IndyCar's Belskus Yet To Finalize Process For Hiring Replacement For Randy Bernard
IndyCar has not finalized a process for finding a new CEO and does not have a timeline for naming a new executive, according to Jeff Belskus, Indianapolis Motor Speedway President & CEO and the interim CEO of IndyCar. Belskus said the process will involve more outreach to IndyCar stakeholders -- sponsors, teams, drivers and others -- than the search process that resulted in Randy Bernard’s hiring in '10. He has received a few unsolicited resumes this week. He said that the series will look for someone who has experience as a CEO. “We want to find the best person we can find to lead this organization,” Belskus said. “Experience in sports and entertainment is important. Motorsports experience would be a big plus. It’s not a requirement but it would be a big plus.” Belskus this week met with IndyCar teams, sponsors and staff to discuss IMS Corp.’s priorities for next season. The series will stick with the 19-race schedule it released last month and concentrate on growing its fanbase in the future. “We’re spending a lot of time this fall, and it will go into the first quarter of 2013, on strategic planning and coming up with ways to capitalize on (opportunities),” Belskus said. “It’s going to be about creating awareness for fans at the end of the day. Through that awareness, it’s going to be engagement. How do we engage them and expose IndyCar to them?” Belskus said that IMS has only received one offer, from Tony George, to acquire IndyCar. George submitted a proposal Oct. 15 to buy the series for $5M, and claimed to have $25M in backing for the series. But Belskus said, "We’re not considering any (other offers) and we’re not soliciting any.” He later reiterated that the series is not for sale. “We’re excited about the future of IndyCar in this building" (Tripp Mickle, SportsBusiness Journal).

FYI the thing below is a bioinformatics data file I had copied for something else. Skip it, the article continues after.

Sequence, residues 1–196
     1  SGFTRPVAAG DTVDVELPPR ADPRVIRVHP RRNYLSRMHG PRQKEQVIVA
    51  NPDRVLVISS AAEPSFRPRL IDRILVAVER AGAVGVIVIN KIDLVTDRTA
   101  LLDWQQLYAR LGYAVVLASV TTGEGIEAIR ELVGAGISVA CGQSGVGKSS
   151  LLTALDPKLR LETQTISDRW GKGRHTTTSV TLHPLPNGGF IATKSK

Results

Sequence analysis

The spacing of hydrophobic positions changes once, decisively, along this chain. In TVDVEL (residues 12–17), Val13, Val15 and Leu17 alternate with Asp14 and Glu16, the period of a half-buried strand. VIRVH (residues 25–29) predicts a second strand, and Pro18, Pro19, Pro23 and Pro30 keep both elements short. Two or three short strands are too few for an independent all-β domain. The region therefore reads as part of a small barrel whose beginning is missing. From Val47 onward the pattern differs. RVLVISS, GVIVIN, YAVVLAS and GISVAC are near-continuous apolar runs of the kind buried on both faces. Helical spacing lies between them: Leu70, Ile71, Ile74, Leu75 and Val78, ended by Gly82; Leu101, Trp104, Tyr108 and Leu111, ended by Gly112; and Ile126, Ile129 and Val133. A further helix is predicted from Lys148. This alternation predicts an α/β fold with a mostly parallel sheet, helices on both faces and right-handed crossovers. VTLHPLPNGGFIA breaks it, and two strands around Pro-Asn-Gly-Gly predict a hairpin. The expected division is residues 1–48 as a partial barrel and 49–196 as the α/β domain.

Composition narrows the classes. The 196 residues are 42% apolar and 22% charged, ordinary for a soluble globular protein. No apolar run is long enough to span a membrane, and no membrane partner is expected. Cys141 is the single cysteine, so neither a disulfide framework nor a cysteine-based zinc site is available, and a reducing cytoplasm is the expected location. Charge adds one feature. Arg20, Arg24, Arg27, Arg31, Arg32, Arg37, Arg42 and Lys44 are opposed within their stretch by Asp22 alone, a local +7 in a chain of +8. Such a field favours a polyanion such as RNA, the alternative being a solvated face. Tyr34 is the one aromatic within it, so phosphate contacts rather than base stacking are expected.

MOVING ON: The AP's Jenna Fryer noted Belskus in an open letter posted on the IndyCar website "admitted the past week has been challenging and called on fans to 'harness the energy and emotion of this time for the good of the sport we all love.'" Belskus said that he "planned to reach out to 'series stakeholders,' including fans, but wasn't direct when asked what impact the handling of Bernard's departure might have on a series desperate for fans." Belskus said, "It created some uncertainty, and anytime you create uncertainty I don't think that's positive. But I tell you, that we are moving ahead and we are focused on the future and 2013 now" (AP, 11/1). In Indianapolis, Curt Cavin writes, "As for how the final days of Bernard's tenure were handled by the Indianapolis-based organization -- there were rumors and denials aplenty, with Bernard finally resigning at an emergency board meeting Sunday evening -- Belskus acknowledged it was handled poorly." Belskus said, "In terms of style points, we could have done better." He would not say if Bernard "met budget goals." Belskus: "We're a private company, and we don't publicly discuss our financial results" (INDIANAPOLIS STAR, 11/2).
BUYER'S MARKET? USA TODAY's Nate Ryan wrote the "sheen is off big-time auto-racing in many ways, and remaining relevant is a conundrum that faces every series in this country." Ryan: "So how does NASCAR become more relevant? Well, it could buy IndyCar." NASCAR is "trying to lure a younger audience that doesn't think cars are as cool anymore." Acquiring IndyCar "might ameliorate some of those woes." It also would be "labeled heresy by both series' fervent fan bases." Each side "has something the other needs." NASCAR has "savvy leadership, shrewd marketing and the stability of permanent venues." Meanwhile, IndyCar "brings an inherently more advanced product for the digital age and a more diverse lineup" (USA TODAY, 10/31).